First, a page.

Widgets and data.fao.org
A client application usually needs to represent and manage data coming from one or more sources, combining them in a homogeneous interface that should be intuitive and easy to use.
When data sources are distributed in a complex architecture, it is useful to have tools and features that allow developers to easily create applications holding all the data in a fully customizable graphical arrangement. This is the entry point for the concept of a widget.
What is a widget?
Technically, widgets are reusable visual elements that, when correctly configured and combined in an application, allow creating user interfaces that work with data of different types and come from different sources, guaranteeing a high level of integration and flexibility.
The data.fao.org library
At this point of data.fao.org development, the library contains the following groups of widgets:
- Localization widgets - language selector, management of text and images that need to be localized.
- Data widgets - single controls or a group of multiple controls that get data from data.fao.org statistical data through Process APIs (referenced in a previous blog article).
- Digital assets widgets - documents, images, audio and videos that come from data.fao.org digital assets.
- Geospatial widgets - components that allow displaying and browsing of maps or extracting data from them. The main widget of this group is the Map Browser component that allows interactive visualization of one or more maps that come from different map servers, enriching them through styles and simple or complex markers.
The library contains visual and non-visual widgets. Non-visual widgets are used by the visual ones to perform additional operations. All of the widgets, visual and non-visual, can be combined together to form more complex widgets.
The most important thing to know is that each visual widget of the library (with the exception of the DataMapper, mentioned later) works with an HTML root element. The coupling between the widget instance and its root element is done through the corresponding ID. After the instantiation, a widget is built starting from the root element and with a visual structure depending on its type. If the root element does not exist inside the HTML document, it will be dynamically created inside the Document Object Model. This allows developers to choose between two approaches:
To develop an application using the widgets library, it is necessary to include the following line in the customized HTML page:
A widget example
To easily understand what that possibilities are for this library, we can discuss an example that summarizes more or less all of the concepts we implemented.
Let’s imagine that we have a map of the world with all the country boundaries highlighted. It would be nice to open an information summary related to a specific country, for example, the country flag, a generic country picture, or a list of codes that identify it. Technically, to do this we need a clickable map of the world and the possibility to extract data, pictures, and flags from data.fao.org resources through information that identifies the country that was chosen. In this particular situation we can identify countries with the ISO3 code.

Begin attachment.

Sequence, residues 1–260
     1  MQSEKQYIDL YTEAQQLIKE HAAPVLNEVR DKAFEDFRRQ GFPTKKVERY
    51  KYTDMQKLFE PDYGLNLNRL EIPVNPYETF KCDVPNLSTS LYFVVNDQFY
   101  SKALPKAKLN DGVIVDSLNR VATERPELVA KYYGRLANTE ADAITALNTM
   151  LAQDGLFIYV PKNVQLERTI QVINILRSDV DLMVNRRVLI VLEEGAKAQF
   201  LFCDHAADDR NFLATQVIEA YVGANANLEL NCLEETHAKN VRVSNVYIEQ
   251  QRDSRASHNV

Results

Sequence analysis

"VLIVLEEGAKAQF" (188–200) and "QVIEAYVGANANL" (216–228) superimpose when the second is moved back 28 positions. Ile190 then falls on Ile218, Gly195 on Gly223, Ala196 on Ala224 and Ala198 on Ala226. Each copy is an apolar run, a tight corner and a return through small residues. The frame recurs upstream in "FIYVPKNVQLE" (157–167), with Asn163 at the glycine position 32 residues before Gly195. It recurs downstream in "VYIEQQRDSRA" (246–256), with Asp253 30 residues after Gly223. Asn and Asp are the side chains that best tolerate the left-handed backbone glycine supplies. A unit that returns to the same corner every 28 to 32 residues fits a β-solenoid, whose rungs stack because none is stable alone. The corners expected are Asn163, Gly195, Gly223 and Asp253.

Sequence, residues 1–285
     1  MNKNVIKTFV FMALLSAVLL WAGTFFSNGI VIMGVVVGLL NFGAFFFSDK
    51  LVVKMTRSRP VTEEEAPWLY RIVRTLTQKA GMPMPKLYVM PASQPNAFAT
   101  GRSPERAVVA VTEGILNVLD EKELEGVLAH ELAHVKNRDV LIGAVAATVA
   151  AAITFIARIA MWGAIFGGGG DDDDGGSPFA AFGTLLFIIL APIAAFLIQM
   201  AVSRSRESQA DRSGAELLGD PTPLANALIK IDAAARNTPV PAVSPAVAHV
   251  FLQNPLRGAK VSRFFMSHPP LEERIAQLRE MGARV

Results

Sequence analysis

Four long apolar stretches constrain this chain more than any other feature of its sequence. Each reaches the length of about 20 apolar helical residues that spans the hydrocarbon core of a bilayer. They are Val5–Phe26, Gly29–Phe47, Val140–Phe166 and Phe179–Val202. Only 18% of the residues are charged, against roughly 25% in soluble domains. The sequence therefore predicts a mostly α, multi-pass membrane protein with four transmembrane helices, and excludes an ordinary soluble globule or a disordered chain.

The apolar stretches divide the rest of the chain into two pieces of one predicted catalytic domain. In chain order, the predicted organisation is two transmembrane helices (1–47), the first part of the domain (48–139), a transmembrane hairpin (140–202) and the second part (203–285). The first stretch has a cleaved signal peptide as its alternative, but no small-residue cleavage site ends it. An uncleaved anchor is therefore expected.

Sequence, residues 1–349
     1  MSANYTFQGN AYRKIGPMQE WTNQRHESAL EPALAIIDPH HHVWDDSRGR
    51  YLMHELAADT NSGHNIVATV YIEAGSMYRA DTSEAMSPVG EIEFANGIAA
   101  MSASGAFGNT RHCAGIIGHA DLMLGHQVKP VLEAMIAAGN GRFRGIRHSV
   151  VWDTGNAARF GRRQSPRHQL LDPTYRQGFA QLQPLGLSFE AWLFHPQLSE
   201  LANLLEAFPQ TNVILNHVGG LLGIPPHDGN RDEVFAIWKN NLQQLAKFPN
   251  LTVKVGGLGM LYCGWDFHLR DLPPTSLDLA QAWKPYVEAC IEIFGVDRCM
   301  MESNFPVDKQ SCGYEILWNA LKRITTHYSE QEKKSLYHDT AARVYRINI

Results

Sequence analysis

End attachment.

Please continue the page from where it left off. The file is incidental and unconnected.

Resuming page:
How can we do this? First of all, we instantiate the widget JSMapComponent and add a couple of geolayers to it in order to have a good visible representation of the whole world with all of the countries included. To be able to extract information from a map server, we need to add a layer to the map component based on a data store, for example, a shape file or a PostGIS layer. This type of layer brings with it a set of data for each geographical location. By enabling map queries on the map component, we will be able to obtain the ISO3 code of the selected country after the user clicks on a specific map location.
With the ISO3 code we are able to extract the following information from data.fao.org resources:
- Country flag
- Country picture
- Country codes
Representing geographic information
To represent the first two digital assets, which are pictures, we can use the AssetImage widget. This type of widget works with an img root element and sets the src attribute, depending on a set of attributes necessary to uniquely reference the asset. To reference an asset, the following parameter should be provided to the widget:
<database name>:<asset type>:<asset dimension>:<asset name>
In this example the asset name corresponds to the ISO3 code, so it is easy to extract both the flag and the picture.
To represent country codes in a totally customizable graphical view, we use the DataMapper widget. This type of widget works on a set of HTML span elements, each one with its own ID. It extracts the information to represent statistical data from data.fao.org. It runs a specific query and maps the result object on the span elements through a mapping configuration object provided by the user. To reference the query that you want to run, it is necessary to provide the query identifier, composed as the following:
<database name>:<query name>
The query used in this example requires an ISO3 code as the parameter to extract codes for a country, therefore, it is necessary to provide it to the widget.
After we click on a map location, a marker displays that combines the three previously mentioned widgets, graphically organizing them in a customized view. The following is the result of our example:
This example shows only some of the widgets available in the library, however, it gives a good idea about integration flexibility and capabilities.
To obtain more detailed information about all of the widgets currently available, see the documentation at the following link: http://data.fao.org/widgets/.
Author: Francesca Vigetti